“But this is not about actually existing realities.” He continued:“It isn’t so much that they dislike black residents as they dislike what they imagine about black residents.
Yet most respondents Quartz interviewed remain optimistic.
Vladimir Emilien, a 26-year-old African-American actor and former varsity athlete, said that for him, learning Chinese was crucial to better interactions with locals.
More recently, violence broke out after the Chinese government started providing scholarships allowing African students to study in the country in the 1960s.
Many Chinese students resented the stipends Africans received, with tensions culminating in riots in Nanjing in the late 1980s.
However, many have pointed out that relationships appear unbalanced, with China taking Africa’s limited natural resources in exchange for infrastructure investment.
“Racism is racism, period, and although some people would say that in different places it is more explicit, nuanced, or implicit, as long as there are victims we have to call it racism and deal with it,” said Adams Bodomo, a professor of African studies focused on cross-cultural communication at the University of Vienna.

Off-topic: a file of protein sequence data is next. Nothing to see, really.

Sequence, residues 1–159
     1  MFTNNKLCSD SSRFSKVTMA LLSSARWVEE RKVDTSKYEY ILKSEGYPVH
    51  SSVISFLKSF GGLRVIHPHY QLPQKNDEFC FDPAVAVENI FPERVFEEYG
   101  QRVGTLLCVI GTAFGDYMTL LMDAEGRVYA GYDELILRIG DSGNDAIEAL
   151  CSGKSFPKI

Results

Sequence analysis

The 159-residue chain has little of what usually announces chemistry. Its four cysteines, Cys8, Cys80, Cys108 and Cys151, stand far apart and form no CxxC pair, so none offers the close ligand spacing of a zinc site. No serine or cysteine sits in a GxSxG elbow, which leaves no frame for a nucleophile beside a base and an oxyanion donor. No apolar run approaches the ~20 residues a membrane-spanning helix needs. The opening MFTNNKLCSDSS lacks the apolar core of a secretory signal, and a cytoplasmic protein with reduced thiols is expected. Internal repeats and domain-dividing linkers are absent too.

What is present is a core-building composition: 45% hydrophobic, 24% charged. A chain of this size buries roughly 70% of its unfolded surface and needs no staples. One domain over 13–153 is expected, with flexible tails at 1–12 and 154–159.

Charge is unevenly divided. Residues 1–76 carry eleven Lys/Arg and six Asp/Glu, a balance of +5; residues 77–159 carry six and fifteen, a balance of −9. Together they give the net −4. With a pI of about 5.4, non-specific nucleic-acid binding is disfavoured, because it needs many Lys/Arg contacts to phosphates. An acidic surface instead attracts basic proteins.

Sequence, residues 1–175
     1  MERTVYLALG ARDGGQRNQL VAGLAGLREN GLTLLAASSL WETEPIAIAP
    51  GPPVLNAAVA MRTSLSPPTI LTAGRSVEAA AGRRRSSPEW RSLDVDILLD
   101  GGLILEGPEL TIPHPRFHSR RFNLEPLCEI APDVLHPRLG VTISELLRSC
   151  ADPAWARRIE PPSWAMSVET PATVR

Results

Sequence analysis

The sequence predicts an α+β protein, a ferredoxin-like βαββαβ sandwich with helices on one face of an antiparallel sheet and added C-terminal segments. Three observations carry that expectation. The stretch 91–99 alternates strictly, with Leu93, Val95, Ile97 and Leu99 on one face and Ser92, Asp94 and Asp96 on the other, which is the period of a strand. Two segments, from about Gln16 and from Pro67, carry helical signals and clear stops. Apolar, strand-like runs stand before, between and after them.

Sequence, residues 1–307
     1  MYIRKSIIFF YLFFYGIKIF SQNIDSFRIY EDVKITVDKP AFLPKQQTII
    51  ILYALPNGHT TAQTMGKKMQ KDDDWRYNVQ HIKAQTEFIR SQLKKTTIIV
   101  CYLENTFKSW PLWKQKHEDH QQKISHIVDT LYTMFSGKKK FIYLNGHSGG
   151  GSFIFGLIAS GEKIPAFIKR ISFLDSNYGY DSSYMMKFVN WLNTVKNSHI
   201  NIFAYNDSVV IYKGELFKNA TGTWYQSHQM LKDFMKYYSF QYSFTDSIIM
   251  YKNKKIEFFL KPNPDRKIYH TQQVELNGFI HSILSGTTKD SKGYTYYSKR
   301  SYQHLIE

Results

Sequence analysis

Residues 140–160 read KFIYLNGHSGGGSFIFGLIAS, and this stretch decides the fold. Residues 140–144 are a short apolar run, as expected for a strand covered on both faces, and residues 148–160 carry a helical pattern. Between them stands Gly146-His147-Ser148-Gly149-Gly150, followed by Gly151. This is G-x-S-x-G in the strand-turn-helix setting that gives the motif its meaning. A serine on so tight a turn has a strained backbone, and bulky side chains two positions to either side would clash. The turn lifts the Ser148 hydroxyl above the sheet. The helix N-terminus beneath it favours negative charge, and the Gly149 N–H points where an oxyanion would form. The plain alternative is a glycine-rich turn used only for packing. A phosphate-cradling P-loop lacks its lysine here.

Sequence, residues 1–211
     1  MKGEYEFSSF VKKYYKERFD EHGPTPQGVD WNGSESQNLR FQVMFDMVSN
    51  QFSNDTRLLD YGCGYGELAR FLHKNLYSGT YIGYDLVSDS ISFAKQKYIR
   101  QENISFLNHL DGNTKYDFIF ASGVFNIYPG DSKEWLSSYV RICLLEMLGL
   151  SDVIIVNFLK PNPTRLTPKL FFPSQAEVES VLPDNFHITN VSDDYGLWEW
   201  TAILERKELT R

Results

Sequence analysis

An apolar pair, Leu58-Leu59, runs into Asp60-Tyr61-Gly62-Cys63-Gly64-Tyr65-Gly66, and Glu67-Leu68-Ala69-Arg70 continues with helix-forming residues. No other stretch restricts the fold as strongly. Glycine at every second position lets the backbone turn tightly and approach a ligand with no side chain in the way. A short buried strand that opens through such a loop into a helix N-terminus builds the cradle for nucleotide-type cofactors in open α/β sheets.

Many of them partner with Chinese firms to run factories, warehouses, and export operations.
Others are leaving China and telling their compatriots not to go due to financial challenges and racism.“Guangdong has come to be imagined to embody this racial crisis of some kind of ‘black invasion,'” said Kevin Carrico, a lecturer at Macquarie University in Australia who studies race and nationalism in China.
Of course, while a growing number of Africans work and study in China—the African continent’s largest trading partner—the notion that black people are “taking over” the world’s most populous nation is nonsense.
Estimates for the number of sub-Saharan Africans in Guangzhou (nicknamed “Chocolate City” in Chinese) range from 150,000 long-term residents, according to 2014 government statistics, to as high as 300,000—figures complicated by the number of Africans coming in and out of the country as well as those who overstay their visas.
In interviews with Quartz, black residents referred to online comments and racist ads as more extreme examples, but said they are symptomatic of broader underlying attitudes.